The Internal Revenue Service (IRS) recently modified the non-willfulness certification form that individual taxpayers must submit to enroll in the streamlined filing compliance procedures (SFCP).  SFCP is a program offered by the IRS to individuals who have not previously disclosed foreign assets to the U.S. government.

The IRS introduced SFCP in June 2014 as an alternative to its existing Offshore Voluntary Disclosure Program (OVDP), which was designed more for taxpayers who willfully failed to disclose foreign assets.  Specifically, SFCP is intended to cover individual taxpayers who non-willfully failed to disclose foreign assets (e.g., they did not know about the requirement or their ownership interest in foreign assets).

The IRS has created two separate tracks for taxpayers wishing to enroll in SFCP—one track for taxpayers who reside in the United States (hereinafter “resident SFCP track”) and another track for taxpayers who reside outside the United States (hereinafter “non-resident SFCP track”).  The eligibility requirements for the separate tracks have some notable variations.  The threshold eligibility inquiry is the taxpayer’s residency.  A taxpayer will be treated as not residing in the United States if, in any one or more of the most recent three years for which the U.S. tax return due date (or properly applied for extended due date) has passed, the taxpayer did not have a U.S. abode and the taxpayer was physically outside the United States for at least 330 full days.

If the taxpayer meets the non-residency test, then the taxpayer may enter the non-resident SFCP track, provided the taxpayer can certify that: (1) he or she failed to report income from a foreign financial asset and pay tax as required by U.S. law [and may have failed to file a report of foreign bank and financial accounts (FBAR)]; and (2) such failures resulted from non-willful conduct.

However, if the taxpayer fails the non-residency test, then the taxpayer must enroll in the resident SFCP track.  The resident SFCP track imposes more stringent eligibility requirements.  That is, the taxpayer must be able to certify that: (1) he or she has previously filed a U.S. tax return tax return (if required) for each of the most recent three years for which the U.S. tax return due date (or properly applied for extended due date) has passed; (2) he or she has failed to report gross income from a foreign financial asset and pay tax as required by law (and may have failed to file an FABR and/or one or more international information returns); and (3) such failures resulted from non-willful conduct.

If a taxpayer can certify that he or she meets the eligibility requirements, then the taxpayer may make a voluntary disclosure as part of the SFCP program.  The non-resident SFCP track requires the taxpayer to submit, in addition to filing any delinquent FBARs for each of the most recent six years for which the FBAR due date has passed: (1) delinquent or amended tax returns, together with all required information returns for each of the most recent three years for which the U.S. tax return due date (or properly applied for extended due date has passed); (2) the full amount of the tax and interest due in connection with the delinquent or amended returns; and (3) a completed and signed Certification by U.S. Person Residing Outside of the U.S. (Form 14653).  Taxpayers who enter the non-resident SFCP track are generally not subject to failure-to-file and failure-to-pay penalties, accuracy-related penalties, information return penalties, FBAR penalties, or a Title 26 miscellaneous offshore penalty.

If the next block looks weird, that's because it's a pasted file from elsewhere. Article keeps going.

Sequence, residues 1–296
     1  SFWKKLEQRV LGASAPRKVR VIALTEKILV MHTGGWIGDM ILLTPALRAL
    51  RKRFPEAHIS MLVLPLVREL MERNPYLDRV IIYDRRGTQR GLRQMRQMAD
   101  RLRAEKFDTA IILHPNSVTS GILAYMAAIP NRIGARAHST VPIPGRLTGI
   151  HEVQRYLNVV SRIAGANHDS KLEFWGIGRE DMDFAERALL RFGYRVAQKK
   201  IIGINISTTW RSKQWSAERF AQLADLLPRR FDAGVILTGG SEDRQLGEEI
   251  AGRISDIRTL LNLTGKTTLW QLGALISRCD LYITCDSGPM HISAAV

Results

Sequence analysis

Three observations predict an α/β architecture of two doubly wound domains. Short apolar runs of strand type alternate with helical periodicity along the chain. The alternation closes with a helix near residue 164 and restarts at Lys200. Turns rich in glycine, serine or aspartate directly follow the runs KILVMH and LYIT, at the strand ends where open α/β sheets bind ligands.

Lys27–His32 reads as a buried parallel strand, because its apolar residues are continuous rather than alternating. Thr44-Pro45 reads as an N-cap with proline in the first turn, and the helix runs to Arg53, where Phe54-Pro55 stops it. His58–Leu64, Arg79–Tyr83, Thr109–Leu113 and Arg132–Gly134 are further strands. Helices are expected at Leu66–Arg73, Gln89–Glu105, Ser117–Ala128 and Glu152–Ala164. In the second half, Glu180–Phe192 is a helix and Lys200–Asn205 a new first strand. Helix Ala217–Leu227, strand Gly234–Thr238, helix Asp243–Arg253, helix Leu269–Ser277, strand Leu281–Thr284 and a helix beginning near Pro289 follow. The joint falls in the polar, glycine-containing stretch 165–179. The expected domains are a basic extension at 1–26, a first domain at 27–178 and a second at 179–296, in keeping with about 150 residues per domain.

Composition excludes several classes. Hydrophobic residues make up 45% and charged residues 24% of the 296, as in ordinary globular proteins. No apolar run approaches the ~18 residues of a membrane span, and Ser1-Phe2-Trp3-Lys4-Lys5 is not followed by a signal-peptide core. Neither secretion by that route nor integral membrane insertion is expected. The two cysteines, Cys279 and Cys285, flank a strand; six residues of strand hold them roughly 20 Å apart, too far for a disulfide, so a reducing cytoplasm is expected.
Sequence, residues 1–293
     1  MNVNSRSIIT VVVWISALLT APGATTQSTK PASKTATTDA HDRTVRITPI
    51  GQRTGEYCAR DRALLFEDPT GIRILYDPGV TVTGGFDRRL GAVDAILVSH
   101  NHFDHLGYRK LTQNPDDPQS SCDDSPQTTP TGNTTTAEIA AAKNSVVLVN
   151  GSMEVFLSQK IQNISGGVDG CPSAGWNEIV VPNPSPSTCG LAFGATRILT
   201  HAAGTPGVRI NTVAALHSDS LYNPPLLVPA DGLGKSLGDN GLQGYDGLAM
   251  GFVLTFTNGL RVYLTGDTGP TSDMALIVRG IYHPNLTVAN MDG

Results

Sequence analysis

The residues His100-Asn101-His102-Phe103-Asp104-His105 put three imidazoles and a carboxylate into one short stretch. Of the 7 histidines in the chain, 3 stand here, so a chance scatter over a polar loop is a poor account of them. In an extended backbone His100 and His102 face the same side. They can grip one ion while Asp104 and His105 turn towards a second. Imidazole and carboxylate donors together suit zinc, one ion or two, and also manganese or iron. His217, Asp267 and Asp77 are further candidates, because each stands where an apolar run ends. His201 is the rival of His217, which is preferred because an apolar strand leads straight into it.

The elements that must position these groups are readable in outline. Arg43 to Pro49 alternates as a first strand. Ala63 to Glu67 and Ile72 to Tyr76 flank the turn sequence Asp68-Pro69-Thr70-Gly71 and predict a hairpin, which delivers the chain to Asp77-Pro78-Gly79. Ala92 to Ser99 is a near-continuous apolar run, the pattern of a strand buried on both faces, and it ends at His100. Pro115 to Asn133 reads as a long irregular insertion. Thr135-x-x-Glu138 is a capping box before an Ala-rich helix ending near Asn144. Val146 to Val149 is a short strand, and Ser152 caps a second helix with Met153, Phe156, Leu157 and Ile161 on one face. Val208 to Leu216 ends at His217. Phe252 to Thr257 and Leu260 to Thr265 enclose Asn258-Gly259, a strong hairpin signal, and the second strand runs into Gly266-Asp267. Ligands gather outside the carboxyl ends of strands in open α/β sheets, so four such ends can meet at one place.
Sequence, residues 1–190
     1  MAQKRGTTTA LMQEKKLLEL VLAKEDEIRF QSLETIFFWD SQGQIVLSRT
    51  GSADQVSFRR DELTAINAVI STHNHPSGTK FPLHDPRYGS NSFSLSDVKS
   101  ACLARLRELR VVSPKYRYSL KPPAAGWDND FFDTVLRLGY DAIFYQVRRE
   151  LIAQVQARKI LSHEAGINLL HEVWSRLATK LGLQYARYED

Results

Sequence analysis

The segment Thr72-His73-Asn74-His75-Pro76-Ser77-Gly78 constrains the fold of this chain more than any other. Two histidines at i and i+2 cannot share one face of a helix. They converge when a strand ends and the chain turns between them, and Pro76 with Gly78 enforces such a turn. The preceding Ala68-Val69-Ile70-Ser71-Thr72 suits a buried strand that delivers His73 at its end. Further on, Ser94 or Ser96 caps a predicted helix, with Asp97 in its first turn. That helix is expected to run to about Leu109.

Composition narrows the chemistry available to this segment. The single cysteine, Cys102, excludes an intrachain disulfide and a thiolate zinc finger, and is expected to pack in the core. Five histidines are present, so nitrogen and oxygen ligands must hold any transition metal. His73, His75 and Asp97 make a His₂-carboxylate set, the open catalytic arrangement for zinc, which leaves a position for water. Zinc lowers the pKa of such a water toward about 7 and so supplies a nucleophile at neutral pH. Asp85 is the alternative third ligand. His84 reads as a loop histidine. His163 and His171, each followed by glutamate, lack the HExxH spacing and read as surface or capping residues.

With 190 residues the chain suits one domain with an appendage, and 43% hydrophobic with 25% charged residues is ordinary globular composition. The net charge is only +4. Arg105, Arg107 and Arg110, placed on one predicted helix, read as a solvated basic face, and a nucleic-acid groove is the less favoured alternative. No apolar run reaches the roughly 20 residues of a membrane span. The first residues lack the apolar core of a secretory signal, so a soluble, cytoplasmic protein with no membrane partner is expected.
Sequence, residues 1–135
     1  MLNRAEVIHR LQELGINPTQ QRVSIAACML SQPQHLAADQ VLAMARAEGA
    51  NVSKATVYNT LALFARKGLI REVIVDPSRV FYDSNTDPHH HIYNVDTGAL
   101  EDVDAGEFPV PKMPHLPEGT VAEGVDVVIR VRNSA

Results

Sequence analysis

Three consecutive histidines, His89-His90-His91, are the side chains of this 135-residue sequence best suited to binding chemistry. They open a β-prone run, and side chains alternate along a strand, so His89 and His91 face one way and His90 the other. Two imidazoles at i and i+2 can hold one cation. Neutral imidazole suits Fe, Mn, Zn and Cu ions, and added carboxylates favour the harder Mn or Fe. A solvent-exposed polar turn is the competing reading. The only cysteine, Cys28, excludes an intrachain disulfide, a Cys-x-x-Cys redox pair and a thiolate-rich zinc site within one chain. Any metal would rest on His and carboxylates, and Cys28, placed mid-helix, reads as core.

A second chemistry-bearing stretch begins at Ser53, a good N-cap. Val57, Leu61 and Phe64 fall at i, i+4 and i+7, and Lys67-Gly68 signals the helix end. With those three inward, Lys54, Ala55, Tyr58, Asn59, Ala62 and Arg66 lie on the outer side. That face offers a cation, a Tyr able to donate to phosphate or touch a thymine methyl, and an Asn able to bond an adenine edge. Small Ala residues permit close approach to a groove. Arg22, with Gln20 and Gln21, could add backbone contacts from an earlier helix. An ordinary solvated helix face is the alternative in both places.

The resident SFCP track has similar disclosure requirements.  Specifically, in addition to filing any delinquent FBARs for each of the most recent six years for which the FBAR due date has passed, the taxpayer must submit: (1) amended tax returns, together with all required information returns for each of the most recent three years for which the U.S. tax return due date (or properly applied for extended due date has passed); (2) the full amount of the tax and interest due in connection with the amended returns; (3) a completed and signed Certification by U.S. Person Residing In the U.S. (Form 14654); and (4) the Title 26 miscellaneous offshore penalty (which is equal to 5 percent of the highest aggregate year-end balance/value of the taxpayer’s foreign financial assets that are in the SFCP penalty base).  However, taxpayers who enter the resident SFCP track are generally not subject to failure-to-file and failure-to-pay penalties, accuracy related penalties, information return penalties or FBAR penalties.